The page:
Americans, by and large, are so hoodwinked by the terrorism industry that has our government in a stranglehold that truth cannot emerge from its dicta. That is especially so when the truth that struggles to emerge concerns the Palestinian people. Americans believe there is a terrorist behind every bush in Israel. Americans believe that the Palestinian people terrorize the Israeli people (without, of course, pausing to ask themselves how a people who have been ethnically cleansed from all but about 10% of their land, who have no effective government or armed forces, who live in cities with 60% unemployment, whose farmland has been confiscated, and who are packed together in enclaves without sufficient water or electricity or gasoline or food can possibly be a threat to anyone). Americans are simply brainwashed to believe that what is not true is true. And the prosecution in the HLF case made sure that the jury abandoned all ability to think through twisted evidence to find the truth. I will be glad to sit with you and explain exactly how that is true, or you may wait until the appeals court throws the case out.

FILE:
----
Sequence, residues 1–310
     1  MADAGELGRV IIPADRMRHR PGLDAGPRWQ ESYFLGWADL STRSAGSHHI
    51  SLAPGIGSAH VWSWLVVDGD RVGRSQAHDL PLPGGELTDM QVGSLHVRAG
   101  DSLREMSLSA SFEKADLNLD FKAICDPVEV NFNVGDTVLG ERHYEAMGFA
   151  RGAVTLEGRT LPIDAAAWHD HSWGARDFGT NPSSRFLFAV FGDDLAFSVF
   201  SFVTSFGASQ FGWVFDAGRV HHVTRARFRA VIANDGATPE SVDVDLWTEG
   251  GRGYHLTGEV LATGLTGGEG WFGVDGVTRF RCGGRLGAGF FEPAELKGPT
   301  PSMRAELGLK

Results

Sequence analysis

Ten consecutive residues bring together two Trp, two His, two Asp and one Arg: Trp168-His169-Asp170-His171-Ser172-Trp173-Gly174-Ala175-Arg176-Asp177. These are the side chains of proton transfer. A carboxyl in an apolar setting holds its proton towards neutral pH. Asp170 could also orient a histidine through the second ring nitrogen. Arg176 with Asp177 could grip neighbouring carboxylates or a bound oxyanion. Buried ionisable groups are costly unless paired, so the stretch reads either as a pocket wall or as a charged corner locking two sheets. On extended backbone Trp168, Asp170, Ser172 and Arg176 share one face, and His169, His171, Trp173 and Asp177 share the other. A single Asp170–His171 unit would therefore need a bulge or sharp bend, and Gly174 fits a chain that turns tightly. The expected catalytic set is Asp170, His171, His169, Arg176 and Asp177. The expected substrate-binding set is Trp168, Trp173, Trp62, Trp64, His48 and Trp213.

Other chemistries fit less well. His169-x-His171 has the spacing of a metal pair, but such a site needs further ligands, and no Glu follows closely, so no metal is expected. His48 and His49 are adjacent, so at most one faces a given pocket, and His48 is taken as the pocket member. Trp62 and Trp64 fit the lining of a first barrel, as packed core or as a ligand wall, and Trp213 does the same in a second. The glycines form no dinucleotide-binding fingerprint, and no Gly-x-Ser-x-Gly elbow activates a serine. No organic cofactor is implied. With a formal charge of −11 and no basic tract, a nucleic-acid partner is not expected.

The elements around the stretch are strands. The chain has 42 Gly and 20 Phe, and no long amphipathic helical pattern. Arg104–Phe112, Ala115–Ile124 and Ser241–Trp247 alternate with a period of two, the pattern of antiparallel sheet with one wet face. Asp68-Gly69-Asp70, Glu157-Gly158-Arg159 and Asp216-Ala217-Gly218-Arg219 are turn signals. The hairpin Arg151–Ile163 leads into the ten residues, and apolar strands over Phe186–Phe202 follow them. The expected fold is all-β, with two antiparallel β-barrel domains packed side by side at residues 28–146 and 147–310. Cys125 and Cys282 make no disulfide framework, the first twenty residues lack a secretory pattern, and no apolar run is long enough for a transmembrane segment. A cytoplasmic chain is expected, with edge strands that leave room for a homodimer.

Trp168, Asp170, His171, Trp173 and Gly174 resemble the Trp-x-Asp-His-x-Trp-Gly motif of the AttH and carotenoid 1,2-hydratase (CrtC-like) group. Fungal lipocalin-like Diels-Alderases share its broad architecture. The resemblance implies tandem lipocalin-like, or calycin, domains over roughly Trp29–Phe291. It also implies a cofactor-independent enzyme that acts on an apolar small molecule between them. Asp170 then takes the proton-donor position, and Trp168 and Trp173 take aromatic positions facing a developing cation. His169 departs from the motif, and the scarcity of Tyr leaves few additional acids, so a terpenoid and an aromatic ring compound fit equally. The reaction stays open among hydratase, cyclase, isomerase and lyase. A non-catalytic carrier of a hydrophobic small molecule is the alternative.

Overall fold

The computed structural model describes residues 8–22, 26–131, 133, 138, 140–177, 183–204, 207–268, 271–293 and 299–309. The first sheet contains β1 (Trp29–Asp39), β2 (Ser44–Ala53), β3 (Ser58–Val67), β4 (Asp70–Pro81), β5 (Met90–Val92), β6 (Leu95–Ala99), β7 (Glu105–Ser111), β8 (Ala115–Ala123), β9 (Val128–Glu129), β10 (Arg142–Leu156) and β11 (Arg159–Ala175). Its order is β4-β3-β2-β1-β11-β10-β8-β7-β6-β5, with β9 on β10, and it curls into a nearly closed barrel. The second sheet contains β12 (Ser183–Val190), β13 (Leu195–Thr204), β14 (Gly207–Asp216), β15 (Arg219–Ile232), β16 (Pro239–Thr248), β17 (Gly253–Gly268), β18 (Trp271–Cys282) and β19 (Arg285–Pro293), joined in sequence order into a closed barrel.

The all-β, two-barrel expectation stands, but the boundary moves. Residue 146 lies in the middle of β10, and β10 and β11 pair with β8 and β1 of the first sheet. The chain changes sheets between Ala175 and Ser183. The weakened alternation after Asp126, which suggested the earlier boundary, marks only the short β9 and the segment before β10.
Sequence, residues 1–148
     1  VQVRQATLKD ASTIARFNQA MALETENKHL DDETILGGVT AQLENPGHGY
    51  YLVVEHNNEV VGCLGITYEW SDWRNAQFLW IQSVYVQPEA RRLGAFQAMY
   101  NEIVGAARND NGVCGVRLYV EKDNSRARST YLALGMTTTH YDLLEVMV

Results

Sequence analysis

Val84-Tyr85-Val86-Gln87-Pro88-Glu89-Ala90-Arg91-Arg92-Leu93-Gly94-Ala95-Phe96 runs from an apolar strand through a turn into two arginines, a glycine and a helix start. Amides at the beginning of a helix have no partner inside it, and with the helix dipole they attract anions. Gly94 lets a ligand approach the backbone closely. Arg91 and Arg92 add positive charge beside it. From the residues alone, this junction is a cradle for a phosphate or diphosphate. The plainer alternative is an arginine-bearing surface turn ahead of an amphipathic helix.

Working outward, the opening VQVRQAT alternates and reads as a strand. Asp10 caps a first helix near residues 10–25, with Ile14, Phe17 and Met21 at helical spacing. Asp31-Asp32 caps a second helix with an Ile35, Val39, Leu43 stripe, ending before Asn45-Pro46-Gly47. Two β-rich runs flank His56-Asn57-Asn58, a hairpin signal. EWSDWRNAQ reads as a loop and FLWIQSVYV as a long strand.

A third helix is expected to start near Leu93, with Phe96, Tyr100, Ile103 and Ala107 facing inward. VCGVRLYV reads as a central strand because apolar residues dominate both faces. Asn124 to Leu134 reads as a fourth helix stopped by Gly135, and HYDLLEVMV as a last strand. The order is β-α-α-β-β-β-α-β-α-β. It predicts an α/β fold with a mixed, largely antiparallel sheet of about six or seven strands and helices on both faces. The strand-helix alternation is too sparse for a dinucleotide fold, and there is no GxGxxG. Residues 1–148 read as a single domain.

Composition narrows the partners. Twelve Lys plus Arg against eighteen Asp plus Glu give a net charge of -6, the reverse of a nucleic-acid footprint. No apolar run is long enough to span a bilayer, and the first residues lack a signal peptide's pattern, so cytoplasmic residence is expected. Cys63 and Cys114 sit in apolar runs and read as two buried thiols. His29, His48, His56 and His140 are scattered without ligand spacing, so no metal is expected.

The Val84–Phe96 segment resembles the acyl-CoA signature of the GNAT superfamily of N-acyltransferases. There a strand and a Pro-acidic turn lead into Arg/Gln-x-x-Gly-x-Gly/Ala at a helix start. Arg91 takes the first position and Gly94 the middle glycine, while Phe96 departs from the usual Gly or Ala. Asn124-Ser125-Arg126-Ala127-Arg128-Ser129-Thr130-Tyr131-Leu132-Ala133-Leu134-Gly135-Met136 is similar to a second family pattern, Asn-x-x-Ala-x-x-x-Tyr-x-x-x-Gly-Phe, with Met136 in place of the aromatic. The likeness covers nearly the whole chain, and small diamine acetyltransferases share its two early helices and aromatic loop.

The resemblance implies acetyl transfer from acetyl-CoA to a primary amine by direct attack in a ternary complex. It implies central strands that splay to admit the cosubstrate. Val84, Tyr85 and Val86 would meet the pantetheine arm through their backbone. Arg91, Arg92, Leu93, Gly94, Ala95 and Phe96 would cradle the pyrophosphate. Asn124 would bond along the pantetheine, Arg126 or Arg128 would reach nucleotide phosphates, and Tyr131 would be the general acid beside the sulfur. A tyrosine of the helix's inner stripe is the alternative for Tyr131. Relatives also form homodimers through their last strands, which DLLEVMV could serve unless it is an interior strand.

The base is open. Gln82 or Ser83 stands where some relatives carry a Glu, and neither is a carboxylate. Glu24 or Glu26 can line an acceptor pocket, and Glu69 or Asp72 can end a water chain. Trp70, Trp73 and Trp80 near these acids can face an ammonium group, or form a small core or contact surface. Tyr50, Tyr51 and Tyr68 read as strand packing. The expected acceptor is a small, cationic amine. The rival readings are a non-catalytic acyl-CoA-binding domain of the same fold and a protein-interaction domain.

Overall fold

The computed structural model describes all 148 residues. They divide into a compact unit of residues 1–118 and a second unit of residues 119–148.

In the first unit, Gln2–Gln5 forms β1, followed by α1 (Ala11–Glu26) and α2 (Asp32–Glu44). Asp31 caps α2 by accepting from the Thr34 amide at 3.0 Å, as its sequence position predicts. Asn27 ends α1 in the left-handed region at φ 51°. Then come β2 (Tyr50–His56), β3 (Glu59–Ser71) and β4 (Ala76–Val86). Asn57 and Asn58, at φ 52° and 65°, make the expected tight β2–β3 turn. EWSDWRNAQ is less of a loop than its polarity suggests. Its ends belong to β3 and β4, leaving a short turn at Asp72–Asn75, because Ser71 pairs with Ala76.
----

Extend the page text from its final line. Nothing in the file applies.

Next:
You will, I assume, say that I am once again railing about my obsession. But consider this one tidbit of fact that I pull from the infinite number I could quote. Speaking about his book, The Bin Ladens (Penguin, 2007), Steve Coll reports that, "Mohamed Bin Laden [Osama bin Laden's father] bought a house in East Jerusalem during the early to mid-1960s, while he was supervising a renovation project at the Al-Aqsa mosque in Jerusalem's Old City. The property was in territory overwhelmed by Israeli forces in the June 1967 Arab-Israeli war; the house was ultimately taken over by Israel's land authority. Mohamed died in September 1967 and the family never reclaimed the property. In a legal sense, at least, although they are not native to Palestine, the Bin Ladens actually are part of Palestine's displaced population." Do you really think the status of the Palestinian people is just "another one of those world problems?"